The Ten Commandments are in many ways the highlight of the entire Torah. But the Midrash1 makes a surprising statement: it says that the first word of the Ten Commandments is in the Egyptian language. What does this mean?

The Ten Commandments are the summary of the entire Torah. They were heard from G‑d by the entire Jewish people. The first Command, "I am G‑d, your G‑d, who took you out of the Land of Egypt" is the basic statement of our special relationship with the Infinite. The first word, Anokhi, means, "I am." G‑d is speaking of Himself, and communicating with us.

The Midrash is intriguing. It says this first word Anokhi is Egyptian, because G‑d wanted to speak with us in the language we had learnt while we were in Egypt. This tells us something about the nature of Torah and of being a Jew. G‑d does not want to relate to us only on the sacred, spiritual level of our lives, represented by Hebrew, the holy language. He wants to reach the earthly "Egyptian" dimension as well.

We should not try to pretend that we do not have this lower aspect. Rather, we should try to control it, then elevate it and ultimately transform it into something holy.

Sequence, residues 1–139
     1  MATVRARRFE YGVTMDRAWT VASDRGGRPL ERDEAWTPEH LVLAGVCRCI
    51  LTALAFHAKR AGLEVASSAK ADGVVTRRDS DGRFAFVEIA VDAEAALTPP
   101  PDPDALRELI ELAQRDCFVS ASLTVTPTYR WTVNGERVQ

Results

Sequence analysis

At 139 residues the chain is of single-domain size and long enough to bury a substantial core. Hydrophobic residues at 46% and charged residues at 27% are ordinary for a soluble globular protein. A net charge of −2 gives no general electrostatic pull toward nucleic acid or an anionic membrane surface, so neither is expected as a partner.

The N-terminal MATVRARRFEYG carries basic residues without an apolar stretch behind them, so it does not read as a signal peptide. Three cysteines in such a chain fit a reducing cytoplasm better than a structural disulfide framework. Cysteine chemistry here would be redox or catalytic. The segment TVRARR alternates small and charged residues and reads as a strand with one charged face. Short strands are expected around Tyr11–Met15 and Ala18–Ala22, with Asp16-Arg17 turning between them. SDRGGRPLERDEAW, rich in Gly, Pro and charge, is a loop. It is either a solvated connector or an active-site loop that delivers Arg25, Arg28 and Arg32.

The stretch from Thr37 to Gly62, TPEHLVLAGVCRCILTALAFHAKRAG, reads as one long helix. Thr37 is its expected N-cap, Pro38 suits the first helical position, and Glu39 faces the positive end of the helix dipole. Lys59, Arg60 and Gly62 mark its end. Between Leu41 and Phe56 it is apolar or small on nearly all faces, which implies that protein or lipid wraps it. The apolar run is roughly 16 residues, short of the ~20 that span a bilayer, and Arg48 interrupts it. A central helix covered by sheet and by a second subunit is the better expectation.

G‑d helps us in this task: there are Jewish teachings about every aspect of life, including the most basic. The mitzvot (commandments) connect us to G‑d on every level of our being. For this reason Anokhi, the first word of the Ten Commandments, is in Egyptian: it reaches down to the "Egyptian" person inside us and transforms him or her into a Jew. 2

Meeting Point

The Sages tell us that every Jewish soul ever to be born was present at the giving of the Torah. This includes every single person who would ever become a true proselyte to Judaism. It was a moment of meeting of the entire Jewish people together, and a meeting of the Jewish people with G‑d.

The recognition of G‑d which was experienced at Sinai remains in the heart of every Jew, and is the spark of his or her Jewish identity.

Further, during his forty days and nights on Mount Sinai the entire Torah was revealed to Moses. The Sages tell us that "Every new idea which would ever be suggested by a scholar in discussion with his teacher - was told to Moses at Sinai".

Sinai was therefore the ultimate meeting point of G‑d, the entire Jewish people and the Torah.